About Borderless with Dementia
Member: Fumiki Kito
Borderless -with dementia- (Hereinafter referred to as borderless) was launched in April 2020, focused on several types of people, including people with dementia. It is a community that develops many activities based on the experiences of people with dementia.
Initially in Nagoya City, Aichi Prefecture, a gathering place where people with early-onset dementia, their families, and people called partners were the members. There, people go on trips, sometimes engage in activities to raise the awareness of dementia, and collaborate with people from other fields (for example, AI researchers).
Throughout these activities, we have spent a lot of time with people with dementia. The opportunity to travel together with them was especially a wonderful experience. [Fig. 1]. By spending time together, we were able to understand each other more. Being so close to people who had been diagnosed with dementia, and seeing them live their lives got us thinking about the importance of overcoming the impact of cognitive dysfunction in daily life and the scenarios that affect it, and it was filled with signals for thinking about the future of society. We talked with our colleagues about living better with dementia and discussed a dementia-friendly society.
We came up with a question in the middle of these activities. That was, in this society, “Is there a ‘boundary’ between people with dementia and people without it?”
In this society, people act as if there is a real line between people with dementia and those without it. The boundaries seem to be interiorized into people’s consciousness, which is why there are such divisions in society. On the other hand, while we were spending time together, there were no such boundaries; we were spending time clearly as friends. The misunderstanding of these boundaries within society was the starting point of this community. And the very name of this community shows what we think about this society. We thought of the borderless logo mark [Fig. 2] as a logo with the idea of a bird that freely flies around the world without borders.
The creation of the community came at the same time as the Coronavirus pandemic. Because we were not able to meet with one another, we started a meeting place using the web conferencing system in March 2020 due to the jeopardy of losing the connections we had cultivated so far. Many members were new to using this system, but they started with weekly practice sessions and, a year later, they still gather in their online rooms every week. [Fig. 3]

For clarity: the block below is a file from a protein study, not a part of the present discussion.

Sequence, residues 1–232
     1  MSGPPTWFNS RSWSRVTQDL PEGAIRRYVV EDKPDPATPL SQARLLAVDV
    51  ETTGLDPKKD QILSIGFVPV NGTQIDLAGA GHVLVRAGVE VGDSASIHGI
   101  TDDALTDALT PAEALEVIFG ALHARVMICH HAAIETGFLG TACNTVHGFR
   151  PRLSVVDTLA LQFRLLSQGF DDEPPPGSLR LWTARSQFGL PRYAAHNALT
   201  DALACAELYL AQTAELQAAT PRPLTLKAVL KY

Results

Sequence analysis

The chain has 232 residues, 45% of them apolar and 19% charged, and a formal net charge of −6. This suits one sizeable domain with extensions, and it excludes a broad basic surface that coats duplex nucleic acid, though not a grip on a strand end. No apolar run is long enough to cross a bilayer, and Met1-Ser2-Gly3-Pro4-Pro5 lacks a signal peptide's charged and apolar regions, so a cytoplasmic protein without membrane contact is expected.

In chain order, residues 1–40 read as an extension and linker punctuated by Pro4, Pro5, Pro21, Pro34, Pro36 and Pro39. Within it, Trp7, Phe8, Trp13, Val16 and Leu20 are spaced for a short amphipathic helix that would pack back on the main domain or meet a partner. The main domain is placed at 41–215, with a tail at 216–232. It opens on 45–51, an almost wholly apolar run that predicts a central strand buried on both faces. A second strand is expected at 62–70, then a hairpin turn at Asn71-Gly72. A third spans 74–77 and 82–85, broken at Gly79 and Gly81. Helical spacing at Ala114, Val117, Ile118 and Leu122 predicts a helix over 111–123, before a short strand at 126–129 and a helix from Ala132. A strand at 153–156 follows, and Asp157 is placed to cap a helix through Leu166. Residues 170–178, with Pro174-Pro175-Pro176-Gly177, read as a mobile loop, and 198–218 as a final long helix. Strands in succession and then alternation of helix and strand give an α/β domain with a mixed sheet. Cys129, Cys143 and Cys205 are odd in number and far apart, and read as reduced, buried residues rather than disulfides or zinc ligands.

The gathering is a place named “borderless bar.” About 20 groups of people participate each time, divided into several discussion tables, talking in a relaxed atmosphere with some drinks, light meals, and snacks. The topics are not limited to dementia, but we feel that conversations at places where people with dementia gather are full of suggestions of those topics, in casual scenes of daily life and the handle of everyday tasks. Recently there are more conversations about how to use smartphones and apps. For example, at one table, they practice how to use the voice recognition function of the smartphone, at another table, they get information about a sleeping management app they could use to take care of one part of their physical condition, and so on.
We created an online gathering place, and we feel it has great benefits. With the acquisition of online tools, we are becoming more proactive in learning and gathering information. Before that, when collecting information from the internet and other sources, there was a lot of wrong and negative information. The greatest benefit of having an online tool was to discern and learn from this information by people passively being exposed to it.
On the other hand, it is hard to feel the rich peer support in online gatherings as in-person gatherings. It is our biggest challenge, but we are hoping to coordinate both online and in-person meetings, understand the strengths of each one, and expect to develop organic cooperation. [Fig. 4]
Besides meetings, we receive requests from local governmental bodies and companies, and we conduct conferences and seminars where people with dementia share their experiences. [Fig. 5] There were requests from companies wanting to hear the opinions and experiences of people with dementia. We not only accept requests, but we also create and broadcast content (online seminars, podcasts, etcetera) from people of the community where they express their thoughts and experiences.
There is no fixed model for Borderless -with dementia- activities. We believe that by using this community as a platform, many stakeholders can enter, meet, and learn from each other, and new ideas can be born, leading to a better society.